kids smartphones

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Kids want smartphones. Parents hesitate at the idea. Can it be a good thing for both?

Most parents agree, there’s no gadget in the world that equals the value of childhood imagination and hands-on playtime for kids. Nature, physical exercise and one-on-one playtime provide the best learning environments, for toddlers to teenagers. However, the versatile and amazing smartphone is soaring in popularity with parents as a fun and inspiring learning tool for kids, not to mention its qualities as a handy and fascinating baby-sitter.

A recent study revealed that one in five parents uses a smartphone or tablet to keep their children distracted while running errands. Eating out in restaurants can be a more pleasant experience for parents whose kids are occupied with games, learning apps or music on the smartphone. But, it’s still early in our mobile culture. Parents have questions. Is it good for kids to be on these devices at an early age? Is mobile learning as valuable as classroom learning? Can mobile learning be harmful?


Smartphone Learning

Smartphone apps for learning math, reading, writing, drawing, history, and hundreds of topics across the grade levels, are downloadable with a click. A San Francisco mom reported that her kindergartner advanced an entire grade level from playing with her smartphone! Hard to argue with that. magazine points out that, decades ago, Sesame Street proved that television learning could be productive and fun. Mobile learning is simply the next step in technology, and who could argue its convenience? In the car, grocery store, plane, coffee shop and even at home, parents are modifying their children’s behavior by handing them a smartphone or tablet. At the same time, mobile kids get to enjoy an enhanced learning session.


What’s Not So Good?

Some people feel smartphone learning is rough on children’s eyes, and that staring at a screen discourages face-to-face interactions with their peers and family. Parents and educators worry about over-stimulating a child who may want to spend hours on a smartphone rather than playing outside. Some suspect that a child’s overall development could be jeopardized by spending too much time on a mobile device. Teenage addiction to smartphones is also getting a lot of press. These are certainly all valid concerns, and deserve some consideration. So, what’s the solution?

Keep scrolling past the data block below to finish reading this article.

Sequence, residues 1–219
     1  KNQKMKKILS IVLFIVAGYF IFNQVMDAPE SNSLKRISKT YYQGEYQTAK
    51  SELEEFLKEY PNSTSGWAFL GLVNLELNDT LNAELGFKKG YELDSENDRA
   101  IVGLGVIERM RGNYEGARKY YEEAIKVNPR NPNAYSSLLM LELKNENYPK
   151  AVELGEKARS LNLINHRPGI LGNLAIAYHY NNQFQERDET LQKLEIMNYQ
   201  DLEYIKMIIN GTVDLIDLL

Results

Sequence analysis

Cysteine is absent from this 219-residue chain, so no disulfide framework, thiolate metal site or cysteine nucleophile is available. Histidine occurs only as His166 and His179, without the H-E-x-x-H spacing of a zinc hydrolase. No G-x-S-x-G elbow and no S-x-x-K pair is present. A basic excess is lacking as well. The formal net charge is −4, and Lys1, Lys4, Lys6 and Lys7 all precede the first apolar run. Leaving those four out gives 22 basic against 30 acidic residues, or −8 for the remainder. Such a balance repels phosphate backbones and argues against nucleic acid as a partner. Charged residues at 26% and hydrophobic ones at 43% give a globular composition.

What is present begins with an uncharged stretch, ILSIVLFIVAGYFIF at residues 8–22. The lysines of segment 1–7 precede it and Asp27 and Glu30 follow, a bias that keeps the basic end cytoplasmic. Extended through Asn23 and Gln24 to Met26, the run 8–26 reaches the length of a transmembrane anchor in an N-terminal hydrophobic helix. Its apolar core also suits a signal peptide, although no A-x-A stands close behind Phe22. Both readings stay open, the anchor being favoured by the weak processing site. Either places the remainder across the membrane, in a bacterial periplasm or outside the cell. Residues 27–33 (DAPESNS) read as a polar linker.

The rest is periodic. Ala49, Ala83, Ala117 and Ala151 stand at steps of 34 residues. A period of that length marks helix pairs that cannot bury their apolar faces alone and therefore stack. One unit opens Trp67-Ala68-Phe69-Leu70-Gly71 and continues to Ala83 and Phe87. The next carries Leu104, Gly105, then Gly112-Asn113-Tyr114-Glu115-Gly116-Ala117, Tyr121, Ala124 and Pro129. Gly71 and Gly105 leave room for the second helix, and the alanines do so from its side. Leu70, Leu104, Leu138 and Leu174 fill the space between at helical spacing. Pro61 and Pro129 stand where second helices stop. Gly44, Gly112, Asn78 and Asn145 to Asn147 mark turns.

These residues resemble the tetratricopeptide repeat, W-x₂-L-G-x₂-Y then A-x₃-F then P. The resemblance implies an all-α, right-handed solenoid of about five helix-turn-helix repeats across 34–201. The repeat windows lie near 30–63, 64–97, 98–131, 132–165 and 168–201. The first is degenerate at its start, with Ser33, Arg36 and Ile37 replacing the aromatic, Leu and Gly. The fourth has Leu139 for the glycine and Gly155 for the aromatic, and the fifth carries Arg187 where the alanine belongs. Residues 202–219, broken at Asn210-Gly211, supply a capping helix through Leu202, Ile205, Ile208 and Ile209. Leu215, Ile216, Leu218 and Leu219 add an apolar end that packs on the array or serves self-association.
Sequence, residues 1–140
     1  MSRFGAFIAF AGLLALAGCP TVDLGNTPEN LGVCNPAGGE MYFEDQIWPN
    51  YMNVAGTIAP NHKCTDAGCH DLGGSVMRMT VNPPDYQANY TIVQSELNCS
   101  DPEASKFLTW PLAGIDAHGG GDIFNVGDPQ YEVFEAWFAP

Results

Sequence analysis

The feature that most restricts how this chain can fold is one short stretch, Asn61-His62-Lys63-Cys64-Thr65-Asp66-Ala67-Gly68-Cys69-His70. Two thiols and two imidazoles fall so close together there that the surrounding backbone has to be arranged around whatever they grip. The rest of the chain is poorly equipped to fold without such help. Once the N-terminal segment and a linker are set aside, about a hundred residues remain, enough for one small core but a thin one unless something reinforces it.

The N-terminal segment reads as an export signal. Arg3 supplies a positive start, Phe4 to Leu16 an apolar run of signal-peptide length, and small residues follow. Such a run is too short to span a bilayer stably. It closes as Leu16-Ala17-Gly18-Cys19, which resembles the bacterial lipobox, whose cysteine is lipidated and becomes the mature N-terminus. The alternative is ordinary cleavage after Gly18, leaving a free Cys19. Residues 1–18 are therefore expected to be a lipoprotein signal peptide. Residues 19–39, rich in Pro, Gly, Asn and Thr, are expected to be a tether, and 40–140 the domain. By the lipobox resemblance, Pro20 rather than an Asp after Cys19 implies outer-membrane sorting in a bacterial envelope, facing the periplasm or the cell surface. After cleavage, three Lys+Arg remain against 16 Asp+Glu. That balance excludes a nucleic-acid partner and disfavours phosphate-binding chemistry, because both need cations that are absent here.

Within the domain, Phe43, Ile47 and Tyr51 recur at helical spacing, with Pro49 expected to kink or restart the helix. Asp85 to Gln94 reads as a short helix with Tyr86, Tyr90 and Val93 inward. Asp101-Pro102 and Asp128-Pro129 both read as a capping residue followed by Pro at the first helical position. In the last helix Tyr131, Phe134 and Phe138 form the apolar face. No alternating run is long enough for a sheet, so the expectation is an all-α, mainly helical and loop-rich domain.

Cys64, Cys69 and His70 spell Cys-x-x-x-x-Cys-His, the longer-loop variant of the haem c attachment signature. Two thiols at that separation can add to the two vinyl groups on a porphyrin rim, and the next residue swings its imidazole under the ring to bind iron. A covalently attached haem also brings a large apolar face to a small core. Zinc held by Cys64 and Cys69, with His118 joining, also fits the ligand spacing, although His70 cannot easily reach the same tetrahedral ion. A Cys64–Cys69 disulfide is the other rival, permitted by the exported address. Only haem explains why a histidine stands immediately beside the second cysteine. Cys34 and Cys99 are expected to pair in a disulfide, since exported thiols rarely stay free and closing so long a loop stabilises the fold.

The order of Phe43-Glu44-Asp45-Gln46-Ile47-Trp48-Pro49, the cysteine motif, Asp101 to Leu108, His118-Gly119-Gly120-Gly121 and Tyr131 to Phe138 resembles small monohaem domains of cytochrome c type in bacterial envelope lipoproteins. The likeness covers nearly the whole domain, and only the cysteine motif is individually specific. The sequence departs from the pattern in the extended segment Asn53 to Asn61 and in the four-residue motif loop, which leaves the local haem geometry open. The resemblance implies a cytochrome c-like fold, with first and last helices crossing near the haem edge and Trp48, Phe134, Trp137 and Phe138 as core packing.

Finding a Happy Medium

Our common sense tells us not to let children spend hours staring at a small screen, regardless of the learning potential. A well-balanced childhood involves plenty of exercise and play time with peers and family. But, face it, smartphones and tablets are becoming an integral part of kids’ lives.

Rather than resisting the notion, let’s make it a priority to choose our kids’ apps carefully, and limit the amount of time they spend looking at any screen – including television. Encourage outdoor play and quiet time to rest the brain. Practicing moderation will keep technology from take over your kids’ lives, but will add an awesome component to their education.


Tips for Parents of Young Smartphone Users

  • Explain to your children that screen-learning must be balanced with other activities, and limit their smartphone or table time. Set daily limits early, and stick to them. Use your mobile device as a babysitter as seldom as possible.
  • Choose credible apps that offer a legitimate educational component. Games are fine, but try to find apps that teach and expand your child’s growing brain.
  • Talk to your kids about what they’re learning from their smartphone apps. Ask them questions, and check out the apps yourself and get involved in their activities. Don’t let your young kids isolate themselves for too long with a smartphone or tablet.
  • Consider using parental controls to ensure your child is protected from the bad stuff and can only access the good stuff at appropriate times. You can also monitor your child’s location and allow your child to alert you when he needs you.